NAT is the current most sensitive test in screening blood donors. The principle is based on polymerase chain reaction (PCR) in which amplification of specific strands of nucleic acid either deoxyribonucleic acid (DNA) or ribonucleic acid (RNA) pertaining to the virus to be detected using either polymerase enzymes (DNA polymerase for DNA viruses or reverse transcriptase followed by DNA polymerase for RNA viruses) finally yielding multiple copies specific segments of DNA or using enzymes such as reverse transcriptase (transcription-mediated assay) followed by RNAse (nucleic acid sequence-based amplification) and a T7 polymerase finally yielding many copies of RNA. Finally, from a single copy of virus, a large number of copies of a specific viral nucleic acid sequence are amplified with multiple cycles of annealing and extension utilising included primers and nucleotides. The final amplicon (viral sequence amplified) is detected using various probes in indicating various infections.

Currently, only two Food and Drug Administration-approved automated systems are available for market use with principles of real-time PCR and transcription-mediated amplification.

The global scenario of donor screening, scenario in developed and developing countries is shown in [Table 1]. Infectious disease testing is mandatory in most countries of the world with certain limits subject to their socioeconomic and epidemiological backgrounds.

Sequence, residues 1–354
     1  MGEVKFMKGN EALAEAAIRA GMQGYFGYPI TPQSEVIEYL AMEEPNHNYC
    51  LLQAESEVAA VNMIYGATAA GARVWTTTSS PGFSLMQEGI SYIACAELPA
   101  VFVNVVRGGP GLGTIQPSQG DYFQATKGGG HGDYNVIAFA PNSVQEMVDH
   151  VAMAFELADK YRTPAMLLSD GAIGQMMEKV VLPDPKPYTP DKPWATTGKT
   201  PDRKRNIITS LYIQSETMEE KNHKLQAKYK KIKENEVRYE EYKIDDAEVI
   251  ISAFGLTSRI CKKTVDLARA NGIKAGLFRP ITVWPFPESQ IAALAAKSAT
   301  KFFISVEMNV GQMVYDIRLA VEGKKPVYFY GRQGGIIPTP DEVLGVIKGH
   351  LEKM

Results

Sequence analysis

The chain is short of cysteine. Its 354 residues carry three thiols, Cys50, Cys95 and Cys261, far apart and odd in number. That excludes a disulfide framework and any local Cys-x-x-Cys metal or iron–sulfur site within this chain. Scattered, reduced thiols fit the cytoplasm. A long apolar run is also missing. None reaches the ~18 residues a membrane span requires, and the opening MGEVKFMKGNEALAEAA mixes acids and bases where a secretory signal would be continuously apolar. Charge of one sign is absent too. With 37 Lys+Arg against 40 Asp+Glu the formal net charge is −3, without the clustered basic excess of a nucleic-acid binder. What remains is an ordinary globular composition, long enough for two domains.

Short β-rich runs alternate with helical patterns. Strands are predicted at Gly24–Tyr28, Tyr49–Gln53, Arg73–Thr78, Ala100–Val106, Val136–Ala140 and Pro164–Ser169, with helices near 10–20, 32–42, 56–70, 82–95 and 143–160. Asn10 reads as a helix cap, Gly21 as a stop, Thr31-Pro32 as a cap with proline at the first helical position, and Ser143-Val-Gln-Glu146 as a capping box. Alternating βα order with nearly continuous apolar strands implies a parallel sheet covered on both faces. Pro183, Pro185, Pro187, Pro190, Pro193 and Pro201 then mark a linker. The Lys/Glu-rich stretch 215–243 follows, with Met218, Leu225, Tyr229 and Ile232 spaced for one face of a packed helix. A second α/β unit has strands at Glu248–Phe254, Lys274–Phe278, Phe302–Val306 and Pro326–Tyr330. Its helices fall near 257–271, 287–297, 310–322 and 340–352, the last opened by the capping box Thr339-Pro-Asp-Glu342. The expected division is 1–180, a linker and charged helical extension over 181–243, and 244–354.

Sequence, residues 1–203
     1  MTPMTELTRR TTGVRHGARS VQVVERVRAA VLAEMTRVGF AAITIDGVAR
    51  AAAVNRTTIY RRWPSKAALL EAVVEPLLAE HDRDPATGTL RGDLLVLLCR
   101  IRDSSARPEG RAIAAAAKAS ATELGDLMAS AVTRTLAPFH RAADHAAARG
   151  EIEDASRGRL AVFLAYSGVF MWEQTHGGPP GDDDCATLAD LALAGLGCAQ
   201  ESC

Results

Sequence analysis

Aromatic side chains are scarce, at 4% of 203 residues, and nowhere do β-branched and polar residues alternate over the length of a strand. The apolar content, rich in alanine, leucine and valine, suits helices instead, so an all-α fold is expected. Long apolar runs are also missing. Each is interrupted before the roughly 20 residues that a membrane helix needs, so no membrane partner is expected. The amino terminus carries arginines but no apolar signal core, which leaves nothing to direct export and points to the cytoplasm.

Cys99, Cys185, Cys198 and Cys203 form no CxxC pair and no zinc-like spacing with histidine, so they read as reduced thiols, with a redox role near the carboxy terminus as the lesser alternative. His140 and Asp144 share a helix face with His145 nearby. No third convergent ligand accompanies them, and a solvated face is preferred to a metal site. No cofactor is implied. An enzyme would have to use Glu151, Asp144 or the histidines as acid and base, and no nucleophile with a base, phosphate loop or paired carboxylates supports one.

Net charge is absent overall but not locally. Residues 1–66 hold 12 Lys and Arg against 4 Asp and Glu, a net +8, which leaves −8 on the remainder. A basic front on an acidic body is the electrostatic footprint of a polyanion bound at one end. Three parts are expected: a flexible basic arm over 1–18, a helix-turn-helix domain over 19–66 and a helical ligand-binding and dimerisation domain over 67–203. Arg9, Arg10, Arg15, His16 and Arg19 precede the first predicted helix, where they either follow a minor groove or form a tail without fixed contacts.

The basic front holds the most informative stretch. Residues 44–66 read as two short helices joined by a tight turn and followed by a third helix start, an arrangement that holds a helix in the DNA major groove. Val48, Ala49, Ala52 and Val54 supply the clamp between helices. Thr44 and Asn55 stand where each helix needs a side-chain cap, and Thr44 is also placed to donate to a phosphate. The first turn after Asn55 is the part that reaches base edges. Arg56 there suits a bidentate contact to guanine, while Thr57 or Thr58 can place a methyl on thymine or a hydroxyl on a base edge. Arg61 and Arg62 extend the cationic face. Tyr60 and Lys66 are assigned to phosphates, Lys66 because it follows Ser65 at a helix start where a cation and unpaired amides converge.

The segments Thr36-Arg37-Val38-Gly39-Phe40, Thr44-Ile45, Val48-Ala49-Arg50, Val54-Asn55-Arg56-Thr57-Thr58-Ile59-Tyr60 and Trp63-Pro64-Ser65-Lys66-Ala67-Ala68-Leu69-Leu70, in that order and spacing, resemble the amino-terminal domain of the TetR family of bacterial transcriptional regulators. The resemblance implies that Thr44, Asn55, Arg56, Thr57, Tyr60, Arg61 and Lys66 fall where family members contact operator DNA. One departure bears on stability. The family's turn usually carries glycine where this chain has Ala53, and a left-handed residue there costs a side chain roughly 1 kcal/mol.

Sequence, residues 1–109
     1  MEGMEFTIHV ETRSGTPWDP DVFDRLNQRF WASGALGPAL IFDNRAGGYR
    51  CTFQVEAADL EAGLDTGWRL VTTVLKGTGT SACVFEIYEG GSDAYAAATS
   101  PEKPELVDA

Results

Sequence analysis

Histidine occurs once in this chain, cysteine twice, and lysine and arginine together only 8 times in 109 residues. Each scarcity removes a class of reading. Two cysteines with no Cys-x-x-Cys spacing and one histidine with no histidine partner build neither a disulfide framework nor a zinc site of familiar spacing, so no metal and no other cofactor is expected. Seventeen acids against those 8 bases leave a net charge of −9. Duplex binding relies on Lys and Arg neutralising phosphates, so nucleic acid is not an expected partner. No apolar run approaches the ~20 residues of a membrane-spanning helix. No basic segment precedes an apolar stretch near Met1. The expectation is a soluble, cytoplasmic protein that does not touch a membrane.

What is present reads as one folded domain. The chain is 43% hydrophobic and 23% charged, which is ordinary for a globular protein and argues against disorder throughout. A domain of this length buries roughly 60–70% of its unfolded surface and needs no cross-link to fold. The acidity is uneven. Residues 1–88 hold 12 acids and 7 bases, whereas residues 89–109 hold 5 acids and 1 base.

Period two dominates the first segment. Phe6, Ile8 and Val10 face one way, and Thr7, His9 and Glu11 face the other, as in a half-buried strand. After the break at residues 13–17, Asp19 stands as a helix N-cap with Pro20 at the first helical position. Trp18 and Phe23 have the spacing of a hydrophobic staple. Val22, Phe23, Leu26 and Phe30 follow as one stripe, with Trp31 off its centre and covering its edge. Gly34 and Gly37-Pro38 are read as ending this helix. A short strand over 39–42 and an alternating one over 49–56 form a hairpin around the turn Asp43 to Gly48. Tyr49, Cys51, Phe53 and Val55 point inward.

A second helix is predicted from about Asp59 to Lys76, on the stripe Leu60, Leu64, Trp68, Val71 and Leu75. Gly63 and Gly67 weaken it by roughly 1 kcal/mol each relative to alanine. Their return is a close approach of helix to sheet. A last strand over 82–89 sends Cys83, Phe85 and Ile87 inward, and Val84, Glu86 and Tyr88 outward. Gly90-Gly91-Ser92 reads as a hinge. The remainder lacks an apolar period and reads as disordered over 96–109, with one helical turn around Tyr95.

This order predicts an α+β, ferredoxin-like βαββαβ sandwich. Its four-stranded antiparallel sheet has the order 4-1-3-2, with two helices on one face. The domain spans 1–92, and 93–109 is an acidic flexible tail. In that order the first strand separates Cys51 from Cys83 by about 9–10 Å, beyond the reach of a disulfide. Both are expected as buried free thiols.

Table 1: Global pattern of transfusion transmissible infectious disease screening

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A pilot study was performed in our institute over a period of 1 month at a tertiary care teaching referral institute (April 2019) to test all the blood donations concurrently with conventional ELISA and the modern NAT to find out any differences in the pattern of recognition of viral markers for HIV, HBV and HCV and the possible risk of transmission of transfusion-transmissible infections such as HIV, HBV and HCV.

During the study, a total of 1075 donors donated blood voluntarily and out of which 34 units were issued untested to a local government hospital for further testing and processing as a part of the government procedure. The rest 1041 donors were tested for anti-HIV 1 and 2 antibodies, p24 antigen by ErbaLisa HIV Gen4 (Transasia Biomedical Limited, Daman), HBsAg by Merilisa HBsAg (Meril Diagnostics, Vapi), anti-HCV antibodies by ErbaLisa HCV Gen3 (v2) (Transasia Biomedical Limited, Daman) and nucleic acids of HIV, HBV, HCV by Roche TaqScreen, MPX V2.0 (Roche Diagnostics, Switzerland) concurrently on plasma samples in minipools prepared using Hamilton Microlab Star IVD system (Hamilton Company, US). If any minipool is reactive, then the secondary run of individual samples was performed for the detection of viral nucleic acids. All biosafety procedures and biomedical waste protocols currently available were followed.

A total of 13 samples were found to be reactive for HBV DNA and 1 sample for HIV RNA by NAT in comparison to only 12 HBsAg-reactive samples and 1 sample reactive for anti-HIV 1 and 2 antibodies, p24 antigen by ELISA.